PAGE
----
posted on Apr, 15 2010 @ 11:57 AM
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reply to post by MikeboydUS
 

I agree that Arab Nations are far from united about deeling with Iran, but they seems to be more united than ever for deeling with Palestinians. Its all about how Iran can manage its bilateral ties amongst other Arab nations.

I have follow SCO history closely from the day it was made.

SCO has been very cooperative and its very functional, thanks to Mr Putin and his huge vision about it. China have permanent minister level member placed in Kreml, and from Moscow there is always someone from Russian government placed in Bejing. That we can call as very close cooperation!

All latest military tech is mostly shared - and from top to bottom - their military is similary organized to work in close cooperation. Monthly training between armies have been happening for years now.

China and Russia has found very good deal in their global works, so when China is concerning about its oil and gas - Russia is mostly driving its weaponry and nuclear technology, at same time and in same directions. It has worked well and both have won.

Also new pipelines builded between Russia and China are ready and in action, giving them backbone to their bilateral ties. Idea of "Multipolarism" was first made by Mr Putin, when in beginning of year 2000 was clear, that USA wil build its future for idea of hegemony and domination of worlds resources - It was answer and soon China accepted that very warmly.

All in the recent geopolitical guestions China and Russia has shown same stand, and like we just saw in Iran - it seems to be unbreakable. In Caucasus and also in Israeli guestions there is no great differences in their views to be found. Usually when other country says something about some issue - other keep its mouth shut.

No offence my friend, but I cant see that this developement of SCO will change in near future, but it will grow and its safety guarantees will soon make matter in all parts of the world, and in this great game from worlds resources. I think peoples are making huge failure by dealing those countries separatetly - not as one - in all geostrategical important guestions.

They will be as one - so long that USA will last and is driving its policy towards world domination. After era of USA everything can change again.



posted on Apr, 15 2010 @ 12:03 PM
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reply to post by TheCoffinman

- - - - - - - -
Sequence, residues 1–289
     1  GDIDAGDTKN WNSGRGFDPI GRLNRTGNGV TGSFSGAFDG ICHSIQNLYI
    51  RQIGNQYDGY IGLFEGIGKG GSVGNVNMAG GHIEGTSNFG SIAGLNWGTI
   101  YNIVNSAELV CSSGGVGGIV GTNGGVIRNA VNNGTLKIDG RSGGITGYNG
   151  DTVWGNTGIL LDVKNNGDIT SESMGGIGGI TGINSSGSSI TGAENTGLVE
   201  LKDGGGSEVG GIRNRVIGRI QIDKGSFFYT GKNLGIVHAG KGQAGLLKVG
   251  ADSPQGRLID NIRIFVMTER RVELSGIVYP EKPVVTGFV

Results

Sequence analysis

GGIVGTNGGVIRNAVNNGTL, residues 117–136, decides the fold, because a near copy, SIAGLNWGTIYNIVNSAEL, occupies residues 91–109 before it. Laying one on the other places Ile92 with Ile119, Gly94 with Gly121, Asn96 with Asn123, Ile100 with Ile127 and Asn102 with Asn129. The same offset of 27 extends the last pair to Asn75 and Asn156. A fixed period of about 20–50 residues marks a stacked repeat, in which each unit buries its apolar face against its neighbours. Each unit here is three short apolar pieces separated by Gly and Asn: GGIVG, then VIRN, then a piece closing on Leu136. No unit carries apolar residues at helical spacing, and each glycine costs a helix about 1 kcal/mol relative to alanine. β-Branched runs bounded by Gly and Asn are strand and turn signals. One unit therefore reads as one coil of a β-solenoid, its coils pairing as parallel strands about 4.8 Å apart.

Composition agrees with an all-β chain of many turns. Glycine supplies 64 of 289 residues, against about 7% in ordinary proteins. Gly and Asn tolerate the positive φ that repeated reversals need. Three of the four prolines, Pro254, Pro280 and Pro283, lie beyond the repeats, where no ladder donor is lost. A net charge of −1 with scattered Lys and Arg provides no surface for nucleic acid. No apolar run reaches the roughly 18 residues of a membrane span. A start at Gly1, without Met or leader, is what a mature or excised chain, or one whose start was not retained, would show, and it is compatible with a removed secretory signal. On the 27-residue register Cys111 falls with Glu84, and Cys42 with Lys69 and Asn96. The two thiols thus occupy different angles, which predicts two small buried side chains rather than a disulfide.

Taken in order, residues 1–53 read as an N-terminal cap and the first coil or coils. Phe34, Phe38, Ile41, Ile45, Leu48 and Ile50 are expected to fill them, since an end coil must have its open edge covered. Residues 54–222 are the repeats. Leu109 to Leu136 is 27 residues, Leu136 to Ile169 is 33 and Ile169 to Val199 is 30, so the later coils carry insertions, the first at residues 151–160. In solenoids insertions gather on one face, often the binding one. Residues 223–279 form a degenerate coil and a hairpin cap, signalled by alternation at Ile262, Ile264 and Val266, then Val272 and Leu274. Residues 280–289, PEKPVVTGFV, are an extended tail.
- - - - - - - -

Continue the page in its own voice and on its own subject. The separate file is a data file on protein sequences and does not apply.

The few Arab friends they do have would slit their throats as soon as Israel was gone.

The Arabs finally freed themselves from the Turks less than 100 years ago. They have no desire to be under the yoke of Persia.

Before the Europeans started meddling in the Middle East, Persia and Turkey used to go back and forth over Iraq. The Arabs don't want anymore of that. They had enough of it for almost 600 years.



posted on Apr, 15 2010 @ 12:06 PM
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reply to post by MikeboydUS
 

Wasnt it so that between Turkey and Persia was Kurds, and that caused mostly the problem in border areas? I can be wrong, but problem about Kurdistan and Kurds is the historical sand in their shoes - witch doesnt exist anymore - or so long that Iraq is united country... Just wondering.



posted on Apr, 15 2010 @ 12:47 PM
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reply to post by JanusFIN
 


The Kurds have historically been a thorn in the side of Persia and the Turks, but the conflict over Mesopotamia was strategic and religious.

Many of the Shiite holy cities were in Mesopotamia and whoever controlled Baghdad also gained a level of prestige. The Turks fought the Persians as much in Iraq as they fought the Europeans in the Balkans.

They also fought over the Caucasus until the Russians showed up and drove them both out. Georgians and other caucasians served as slave soldiers, known as Ghulams and rose to very powerful postions in the Persian empire.

It was a very violent and dark period, compared to the Golden Age of Islam that existed before the arrival of the Turks and Mongols.

[edit on 15/4/10 by MikeboydUS]



posted on Apr, 15 2010 @ 12:49 PM
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Ah....the Mythical Golden Age.

You should look at the length of life and rulership of the leaders in the area. The Golden Age wasn't good for your health.



posted on Apr, 15 2010 @ 01:03 PM
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reply to post by Aeons
 


It was Golden for that time in history.

Europe was a mess, much worse off than the Caliphate. Baghdad before the Mongols showed up was the best and brightest of the human cities, it would not be till the Renaissance that Europe would have such cities.



posted on Apr, 15 2010 @ 01:10 PM
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But the Mongols did. So did the Chinese. The leaders of the Caliphate had a lifespan of what.....2 years after taking leadership?

These great cities were founded on human trafficking - The Arabs take first place in persistent slavery to found their empires and fortunes. The "Golden Age" is not an exception.

This Golden Age is predicated on the STEALING of cities created by others. That were then driven into the ground in 150 years after the founding of the Caliphate.

[edit on 2010/4/15 by Aeons]



posted on Apr, 15 2010 @ 01:22 PM
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reply to post by Aeons
 


The Romans, Egyptians, Ancient Persians, and many others all built great cities on the backs of slaves.

I get slavery is bad, but slave trading empires had golden ages.

What the Mongols did was far worse, crushing empires from China to Russia. The death toll from their conquests was unmatched until World War 2.



posted on Apr, 15 2010 @ 01:36 PM